Secondly, Microsoft has also set a snake in the grass for Networked Attached Storage devices. The Windows indexing service is designed to collate results from network-attached Windows devices. It won’t collate results from NAS devices that don’t run a Windows operating system.
The new generation of Microsoft Apps for Windows 8 (e.g. Xbox Music, Photos, Videos) cannot access media stored on non-Windows NAS devices, even if the media locations are stored in your Windows Libraries on the accessing PC.
This is just something to be aware of going forward. The current generation of Desktop Applications (both Microsoft and third party) are generally OK. However, the new generation of Windows 8 Metro Apps, especially those from Microsoft itself, may present problems. Check them out before buying.
I’ve already said that I have been unimpressed by the first wave of photo editors designed for Metro. The situation is not improving. In the process of writing this blog entry, I thought I’d check the Windows Store to see if there were Metro Apps available for editing photo metadata. I tried two that I found:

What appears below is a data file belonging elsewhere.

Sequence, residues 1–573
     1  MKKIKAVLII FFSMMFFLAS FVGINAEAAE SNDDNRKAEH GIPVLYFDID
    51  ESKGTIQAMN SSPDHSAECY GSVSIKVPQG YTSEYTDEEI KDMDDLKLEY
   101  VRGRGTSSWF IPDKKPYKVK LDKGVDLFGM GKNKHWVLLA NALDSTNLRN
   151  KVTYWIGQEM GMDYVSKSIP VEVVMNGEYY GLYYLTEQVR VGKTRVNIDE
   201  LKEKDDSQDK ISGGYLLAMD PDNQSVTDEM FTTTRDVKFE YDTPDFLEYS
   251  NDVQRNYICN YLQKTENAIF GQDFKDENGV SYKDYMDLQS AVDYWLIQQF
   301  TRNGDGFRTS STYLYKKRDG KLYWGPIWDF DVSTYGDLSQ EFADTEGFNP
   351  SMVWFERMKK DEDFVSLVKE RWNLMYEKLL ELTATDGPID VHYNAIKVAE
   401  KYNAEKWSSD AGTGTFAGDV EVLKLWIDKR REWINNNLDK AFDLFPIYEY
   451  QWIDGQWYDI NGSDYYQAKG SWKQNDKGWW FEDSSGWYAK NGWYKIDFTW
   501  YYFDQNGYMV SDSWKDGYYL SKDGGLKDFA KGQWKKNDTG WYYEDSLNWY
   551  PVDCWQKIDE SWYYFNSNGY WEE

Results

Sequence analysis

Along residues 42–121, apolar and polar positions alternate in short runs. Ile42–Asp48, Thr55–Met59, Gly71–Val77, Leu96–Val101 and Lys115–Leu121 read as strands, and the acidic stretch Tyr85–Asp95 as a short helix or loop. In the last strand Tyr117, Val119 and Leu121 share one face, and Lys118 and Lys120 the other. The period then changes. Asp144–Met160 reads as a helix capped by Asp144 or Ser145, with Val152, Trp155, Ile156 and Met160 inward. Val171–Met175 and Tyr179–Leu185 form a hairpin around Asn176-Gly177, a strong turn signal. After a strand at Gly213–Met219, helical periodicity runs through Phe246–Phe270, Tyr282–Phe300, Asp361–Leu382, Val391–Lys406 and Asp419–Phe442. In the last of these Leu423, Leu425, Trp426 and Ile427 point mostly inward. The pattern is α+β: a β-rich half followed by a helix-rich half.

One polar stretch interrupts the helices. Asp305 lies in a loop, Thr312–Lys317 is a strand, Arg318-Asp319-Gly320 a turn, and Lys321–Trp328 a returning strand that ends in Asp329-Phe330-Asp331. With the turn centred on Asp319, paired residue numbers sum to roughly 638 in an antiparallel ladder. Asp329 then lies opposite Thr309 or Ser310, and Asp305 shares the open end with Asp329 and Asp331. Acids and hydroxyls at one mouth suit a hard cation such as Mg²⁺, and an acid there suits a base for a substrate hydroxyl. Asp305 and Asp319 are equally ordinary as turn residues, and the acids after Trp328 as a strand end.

Now, admittedly I have over 50,000 photos in my photo library collection. However, neither of them could open the collection without crashing. I sent an email to Photo TagEd’s support. Their response:
Sorry, we didn’t test for thousands photos by our environment.
And we can’t recommend to this App to your problem.
We have no plans to continue support for this App, because technical difficulties by Windows 8 App SDK.
Once again, We’re sorry. You can find out other apps for your Tablet PC in Windows Store.
From IV Type Team.
Addendum: Prompted by a discussion in the comments on this post, I’ve put up a new post that documents the corruption of Makernotes by Windows Photo Gallery: